Friday, June 29, 2012

'Human nature' is back

Reader [hereafter R] : What do you mean, "human nature is back"? Has it been on vacation?

LFC: Yes and no. For a while, it was not cricket in parts of the social sciences to talk about human nature, and to some extent this is still true. Leda Cosmides and John Tooby, two evolutionary psychologists (who happen also to be married, to each other, I mean) got so perturbed about this some years ago that they began referring to the Standard Social Science Model (SSSM), by which they meant, among other things, a model that neglected 'human nature'. E.O. Wilson picked up the cudgel, taking much of social science to task in his book Consilience and predicting that eventually social science would disappear, would be absorbed into the natural sciences, and we'd be left with only the natural sciences and the humanities.

R: I shudder to think how that would go down with all the political scientists who are tearing their hair out at The Monkey Cage about the possible cutoff in National Science Foundation support for political science.

LFC: Quite. But that doesn't mean Wilson was right. I think he went somewhat overboard in Consilience myself.

R: Back to the main topic, please, whatever it is.

LFC: Ah yes. Well, Cosmides & Tooby should take a peek at what's happening in some corners of International Relations (IR) theory. It's not for the most part evo psych, to be sure, but in recent years there's been a lot of work on emotions and IR. And the latest issue of Int'l Studies Review has an article by Ty Solomon, "Human Nature and the Limits of the Self: Hans Morgenthau on Love and Power," which harks back to a piece Morgenthau wrote for Commentary in the early '60s in which he argued that love and power are both efforts to escape "existential loneliness." Morgenthau's "underexplored thoughts on these issues," according to Solomon, "are crucial for more fully comprehending his seminal critique of the modern liberal, rational subject." (p.215)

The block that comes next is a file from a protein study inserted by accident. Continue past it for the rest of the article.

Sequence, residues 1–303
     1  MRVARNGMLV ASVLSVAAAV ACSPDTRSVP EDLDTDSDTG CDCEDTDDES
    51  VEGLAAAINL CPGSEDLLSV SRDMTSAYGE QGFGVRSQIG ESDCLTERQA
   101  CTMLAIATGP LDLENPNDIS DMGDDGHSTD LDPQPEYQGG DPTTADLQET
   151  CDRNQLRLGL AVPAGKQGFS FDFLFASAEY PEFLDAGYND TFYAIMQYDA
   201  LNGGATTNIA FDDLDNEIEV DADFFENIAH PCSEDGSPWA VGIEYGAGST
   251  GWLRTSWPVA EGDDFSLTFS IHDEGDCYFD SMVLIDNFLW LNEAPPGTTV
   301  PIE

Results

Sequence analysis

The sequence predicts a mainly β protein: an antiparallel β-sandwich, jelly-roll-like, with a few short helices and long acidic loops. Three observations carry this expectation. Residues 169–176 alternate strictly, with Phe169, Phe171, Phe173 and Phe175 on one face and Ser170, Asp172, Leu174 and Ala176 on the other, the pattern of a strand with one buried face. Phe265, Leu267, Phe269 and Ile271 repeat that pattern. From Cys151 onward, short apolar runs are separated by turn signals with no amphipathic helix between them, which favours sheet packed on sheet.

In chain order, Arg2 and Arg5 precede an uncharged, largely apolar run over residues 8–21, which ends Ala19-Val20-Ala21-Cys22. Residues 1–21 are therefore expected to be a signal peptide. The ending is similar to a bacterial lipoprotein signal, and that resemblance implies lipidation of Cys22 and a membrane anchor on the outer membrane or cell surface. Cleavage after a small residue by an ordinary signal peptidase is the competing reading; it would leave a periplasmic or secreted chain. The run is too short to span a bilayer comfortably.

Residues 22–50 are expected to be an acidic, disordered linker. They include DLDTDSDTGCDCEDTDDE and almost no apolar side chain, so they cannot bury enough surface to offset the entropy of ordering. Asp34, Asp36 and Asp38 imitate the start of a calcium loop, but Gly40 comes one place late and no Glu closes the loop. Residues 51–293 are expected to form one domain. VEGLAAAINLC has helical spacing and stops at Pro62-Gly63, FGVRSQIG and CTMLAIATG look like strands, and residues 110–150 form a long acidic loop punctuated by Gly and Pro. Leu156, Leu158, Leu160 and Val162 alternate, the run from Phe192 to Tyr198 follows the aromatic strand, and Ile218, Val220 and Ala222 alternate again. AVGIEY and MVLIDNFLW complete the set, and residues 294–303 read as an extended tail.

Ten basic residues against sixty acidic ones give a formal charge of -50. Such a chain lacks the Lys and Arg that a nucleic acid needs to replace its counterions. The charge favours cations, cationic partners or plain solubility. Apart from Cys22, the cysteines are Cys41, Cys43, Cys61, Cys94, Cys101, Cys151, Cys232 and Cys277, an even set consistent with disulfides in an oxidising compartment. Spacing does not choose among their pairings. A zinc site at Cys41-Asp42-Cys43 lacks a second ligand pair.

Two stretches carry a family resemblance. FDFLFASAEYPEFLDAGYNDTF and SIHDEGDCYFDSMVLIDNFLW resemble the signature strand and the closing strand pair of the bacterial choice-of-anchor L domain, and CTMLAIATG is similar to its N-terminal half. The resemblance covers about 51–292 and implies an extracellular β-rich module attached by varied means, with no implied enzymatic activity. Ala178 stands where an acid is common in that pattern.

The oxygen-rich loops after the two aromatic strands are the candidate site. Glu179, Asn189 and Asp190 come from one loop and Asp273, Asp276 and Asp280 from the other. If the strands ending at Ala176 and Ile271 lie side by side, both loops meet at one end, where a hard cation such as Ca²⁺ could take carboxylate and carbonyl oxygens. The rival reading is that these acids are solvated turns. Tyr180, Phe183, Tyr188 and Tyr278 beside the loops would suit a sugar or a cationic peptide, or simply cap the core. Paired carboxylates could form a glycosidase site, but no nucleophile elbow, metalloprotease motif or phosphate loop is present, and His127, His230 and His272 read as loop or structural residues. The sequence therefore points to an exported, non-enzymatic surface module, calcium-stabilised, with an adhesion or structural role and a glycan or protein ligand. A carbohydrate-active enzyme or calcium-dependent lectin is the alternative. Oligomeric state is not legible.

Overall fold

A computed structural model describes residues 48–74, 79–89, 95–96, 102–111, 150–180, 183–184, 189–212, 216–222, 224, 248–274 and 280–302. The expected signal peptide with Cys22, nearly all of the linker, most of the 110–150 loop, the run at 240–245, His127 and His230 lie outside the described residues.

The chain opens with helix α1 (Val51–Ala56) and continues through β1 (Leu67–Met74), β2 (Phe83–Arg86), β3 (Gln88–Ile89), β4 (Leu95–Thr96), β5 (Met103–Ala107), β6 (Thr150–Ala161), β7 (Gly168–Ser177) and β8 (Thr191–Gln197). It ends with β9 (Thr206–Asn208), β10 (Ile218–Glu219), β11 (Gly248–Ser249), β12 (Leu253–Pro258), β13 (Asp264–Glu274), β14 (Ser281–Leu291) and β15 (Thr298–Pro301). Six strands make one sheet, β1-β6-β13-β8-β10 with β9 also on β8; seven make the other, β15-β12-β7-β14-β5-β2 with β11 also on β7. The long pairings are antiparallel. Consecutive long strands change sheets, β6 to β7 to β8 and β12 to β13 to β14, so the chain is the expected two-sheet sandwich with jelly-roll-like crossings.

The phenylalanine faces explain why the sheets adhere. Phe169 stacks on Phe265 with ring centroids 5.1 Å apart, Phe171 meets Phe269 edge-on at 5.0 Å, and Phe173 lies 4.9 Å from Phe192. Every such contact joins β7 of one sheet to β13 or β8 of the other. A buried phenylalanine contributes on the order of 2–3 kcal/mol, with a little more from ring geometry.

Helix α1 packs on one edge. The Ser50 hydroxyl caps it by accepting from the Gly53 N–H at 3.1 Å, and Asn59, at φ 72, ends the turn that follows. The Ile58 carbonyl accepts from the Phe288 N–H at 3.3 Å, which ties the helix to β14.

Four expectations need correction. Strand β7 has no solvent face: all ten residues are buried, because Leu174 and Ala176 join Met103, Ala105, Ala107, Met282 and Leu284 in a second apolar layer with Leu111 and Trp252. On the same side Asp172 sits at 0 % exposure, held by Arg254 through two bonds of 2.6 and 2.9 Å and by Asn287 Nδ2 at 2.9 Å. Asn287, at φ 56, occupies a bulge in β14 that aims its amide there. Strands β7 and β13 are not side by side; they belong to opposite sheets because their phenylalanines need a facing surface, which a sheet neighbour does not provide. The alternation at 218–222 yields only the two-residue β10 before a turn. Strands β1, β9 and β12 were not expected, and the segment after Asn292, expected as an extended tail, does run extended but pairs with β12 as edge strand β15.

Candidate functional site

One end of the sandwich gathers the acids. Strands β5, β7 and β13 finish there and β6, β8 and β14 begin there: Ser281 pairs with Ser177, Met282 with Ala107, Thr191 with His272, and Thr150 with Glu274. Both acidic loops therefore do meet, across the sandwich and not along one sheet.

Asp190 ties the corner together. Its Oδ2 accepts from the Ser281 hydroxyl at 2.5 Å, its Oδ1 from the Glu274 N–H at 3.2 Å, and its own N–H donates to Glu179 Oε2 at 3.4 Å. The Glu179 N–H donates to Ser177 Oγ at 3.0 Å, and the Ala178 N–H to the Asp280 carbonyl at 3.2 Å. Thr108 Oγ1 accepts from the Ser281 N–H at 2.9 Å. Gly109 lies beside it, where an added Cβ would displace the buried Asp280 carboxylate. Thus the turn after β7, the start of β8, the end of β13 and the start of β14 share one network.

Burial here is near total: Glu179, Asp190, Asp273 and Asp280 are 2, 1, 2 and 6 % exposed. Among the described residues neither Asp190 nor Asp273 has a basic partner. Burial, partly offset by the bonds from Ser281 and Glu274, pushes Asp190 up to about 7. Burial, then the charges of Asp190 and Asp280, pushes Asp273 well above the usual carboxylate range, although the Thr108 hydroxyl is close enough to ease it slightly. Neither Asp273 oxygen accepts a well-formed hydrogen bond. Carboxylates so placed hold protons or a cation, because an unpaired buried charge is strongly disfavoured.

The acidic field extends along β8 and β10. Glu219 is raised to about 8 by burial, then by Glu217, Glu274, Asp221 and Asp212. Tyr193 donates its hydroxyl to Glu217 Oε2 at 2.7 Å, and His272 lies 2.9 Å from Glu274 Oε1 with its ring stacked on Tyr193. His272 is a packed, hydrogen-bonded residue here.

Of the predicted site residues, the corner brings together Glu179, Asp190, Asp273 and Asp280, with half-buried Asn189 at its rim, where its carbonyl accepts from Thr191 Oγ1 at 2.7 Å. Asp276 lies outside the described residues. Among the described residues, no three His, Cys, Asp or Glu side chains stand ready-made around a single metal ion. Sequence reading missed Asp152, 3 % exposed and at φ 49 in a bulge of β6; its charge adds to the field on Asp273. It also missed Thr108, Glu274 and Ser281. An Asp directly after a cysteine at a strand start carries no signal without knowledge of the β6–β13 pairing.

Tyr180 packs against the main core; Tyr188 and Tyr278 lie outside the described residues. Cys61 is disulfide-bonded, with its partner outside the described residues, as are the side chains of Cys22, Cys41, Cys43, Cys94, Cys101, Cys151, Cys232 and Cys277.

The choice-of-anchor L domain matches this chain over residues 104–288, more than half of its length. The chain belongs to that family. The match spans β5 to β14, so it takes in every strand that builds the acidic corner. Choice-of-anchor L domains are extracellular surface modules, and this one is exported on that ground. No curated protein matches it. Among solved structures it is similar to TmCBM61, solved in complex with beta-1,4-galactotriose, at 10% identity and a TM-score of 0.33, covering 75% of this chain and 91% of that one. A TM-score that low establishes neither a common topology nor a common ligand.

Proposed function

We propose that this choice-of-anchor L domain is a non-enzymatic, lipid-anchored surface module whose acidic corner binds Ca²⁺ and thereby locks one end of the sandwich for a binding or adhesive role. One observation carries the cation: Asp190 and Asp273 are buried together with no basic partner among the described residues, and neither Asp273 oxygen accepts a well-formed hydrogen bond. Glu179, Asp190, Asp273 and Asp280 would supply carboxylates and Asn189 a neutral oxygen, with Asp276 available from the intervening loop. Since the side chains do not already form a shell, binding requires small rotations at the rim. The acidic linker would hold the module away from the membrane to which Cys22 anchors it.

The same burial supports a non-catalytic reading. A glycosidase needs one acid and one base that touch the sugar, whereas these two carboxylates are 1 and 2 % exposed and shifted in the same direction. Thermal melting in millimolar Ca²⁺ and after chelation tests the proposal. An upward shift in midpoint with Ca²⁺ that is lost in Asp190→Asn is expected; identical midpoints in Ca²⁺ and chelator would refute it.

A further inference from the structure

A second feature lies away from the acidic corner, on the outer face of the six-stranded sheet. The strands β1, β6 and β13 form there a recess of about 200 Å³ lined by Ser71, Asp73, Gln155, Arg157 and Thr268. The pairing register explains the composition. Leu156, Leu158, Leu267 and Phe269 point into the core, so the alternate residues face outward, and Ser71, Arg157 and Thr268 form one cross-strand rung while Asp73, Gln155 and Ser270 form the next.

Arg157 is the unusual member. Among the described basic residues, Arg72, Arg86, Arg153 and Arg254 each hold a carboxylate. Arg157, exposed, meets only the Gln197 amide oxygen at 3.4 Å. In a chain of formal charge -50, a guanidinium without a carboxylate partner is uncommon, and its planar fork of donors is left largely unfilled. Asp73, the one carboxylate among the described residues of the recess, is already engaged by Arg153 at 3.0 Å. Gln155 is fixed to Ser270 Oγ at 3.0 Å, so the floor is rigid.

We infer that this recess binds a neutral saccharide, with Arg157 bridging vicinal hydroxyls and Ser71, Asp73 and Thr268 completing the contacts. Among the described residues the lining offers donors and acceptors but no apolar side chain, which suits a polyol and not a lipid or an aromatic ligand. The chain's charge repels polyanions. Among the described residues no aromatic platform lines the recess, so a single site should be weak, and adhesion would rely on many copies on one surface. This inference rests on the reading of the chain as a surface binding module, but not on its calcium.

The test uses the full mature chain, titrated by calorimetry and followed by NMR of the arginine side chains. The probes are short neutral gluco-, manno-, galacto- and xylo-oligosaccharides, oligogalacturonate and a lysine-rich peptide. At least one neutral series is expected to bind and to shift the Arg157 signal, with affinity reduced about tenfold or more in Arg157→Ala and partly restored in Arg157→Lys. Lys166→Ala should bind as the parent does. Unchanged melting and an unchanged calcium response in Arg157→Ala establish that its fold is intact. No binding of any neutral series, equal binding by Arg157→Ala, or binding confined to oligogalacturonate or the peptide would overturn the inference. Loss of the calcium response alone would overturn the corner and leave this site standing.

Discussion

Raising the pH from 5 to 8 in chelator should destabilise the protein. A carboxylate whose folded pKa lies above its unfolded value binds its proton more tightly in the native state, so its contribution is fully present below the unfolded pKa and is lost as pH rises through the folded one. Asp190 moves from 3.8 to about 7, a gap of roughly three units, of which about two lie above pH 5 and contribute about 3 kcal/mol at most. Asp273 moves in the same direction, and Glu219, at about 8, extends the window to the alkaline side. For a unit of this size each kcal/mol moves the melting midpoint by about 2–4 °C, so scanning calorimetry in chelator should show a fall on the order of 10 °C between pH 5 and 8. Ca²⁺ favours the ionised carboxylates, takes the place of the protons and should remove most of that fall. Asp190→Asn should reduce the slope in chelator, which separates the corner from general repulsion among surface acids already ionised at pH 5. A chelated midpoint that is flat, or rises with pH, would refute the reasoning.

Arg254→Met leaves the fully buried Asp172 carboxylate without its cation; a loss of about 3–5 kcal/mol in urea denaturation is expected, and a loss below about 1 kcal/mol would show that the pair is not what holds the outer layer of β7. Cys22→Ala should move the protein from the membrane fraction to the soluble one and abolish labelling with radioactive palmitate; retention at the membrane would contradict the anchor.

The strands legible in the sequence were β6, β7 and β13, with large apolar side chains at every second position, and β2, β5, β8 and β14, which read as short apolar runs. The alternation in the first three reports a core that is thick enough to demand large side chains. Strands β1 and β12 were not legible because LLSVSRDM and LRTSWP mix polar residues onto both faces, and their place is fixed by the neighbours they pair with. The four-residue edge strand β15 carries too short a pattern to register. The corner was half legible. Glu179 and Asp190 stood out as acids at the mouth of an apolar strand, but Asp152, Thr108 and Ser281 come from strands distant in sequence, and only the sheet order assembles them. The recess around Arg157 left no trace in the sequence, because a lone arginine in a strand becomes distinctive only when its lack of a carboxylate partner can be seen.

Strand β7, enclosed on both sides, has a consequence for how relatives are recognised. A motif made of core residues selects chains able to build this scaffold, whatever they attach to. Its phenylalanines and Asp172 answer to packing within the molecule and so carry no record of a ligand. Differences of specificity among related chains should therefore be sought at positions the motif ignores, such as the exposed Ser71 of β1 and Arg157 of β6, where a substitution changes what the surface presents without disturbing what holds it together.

R: But how does all that fit in with the Morgenthau of the later 1960s, the opponent of the Vietnam War, advocate of civil rights, and speaker of truth to power? Don't M's political writings from later in the decade presuppose that "the modern liberal, rational subject," despite its/his/her limits, is capable at least of responding to appeals to reason and acting to improve the world, in however partial a way?

LFC: Good questions. But I want to stay with the human nature point. Solomon mentions Robert Schuett's 2010 book on Freud and realism (Political Realism, Freud, and Human Nature in International Relations), which is also reviewed later in the same issue of the journal. The subtitle of Schuett's book is "The Resurrection of the Realist Man."

R: Hmm. This sounds somewhat reactionary, doesn't it? Realist Man [sic]? Have we just tossed several decades of IR feminist theory out the window?

LFC: I had to read some Freud many years ago, and I tend to the view that Freud's work is weakest when it's most speculative and when he's most openly doing social theory. I remember a casual conversation in which, fresh from writing an intemperate undergraduate paper on Civilization and Its Discontents, I denounced it as a terrible book. My interlocutor, a grad student, said cuttingly "you wish you could have written it." Well, I would not make such a sophomoric (and I was in fact a sophomore at the time) remark today. Still, Civilization and Its Discontents is not high on my list of subtle, nuanced works.

R: I don't care what you said in a college dining hall in 1977. You haven't answered the question about Morgenthau. You haven't answered the question about feminist theory.

LFC: What am I, an answer machine? This is a blog, not a PhD seminar. Go figure out your own answers.

R: ***!***#!!

LFC: Well, at least I gave you the last word. Sort of.

Thursday, June 28, 2012

E. Klein on Roberts's craftiness

"By voting with the liberals to uphold the Affordable Care Act, Roberts has put himself above partisan reproach. No one can accuse Roberts of ruling as a movement conservative. He’s made himself bulletproof against insinuations that he’s animated by party allegiances.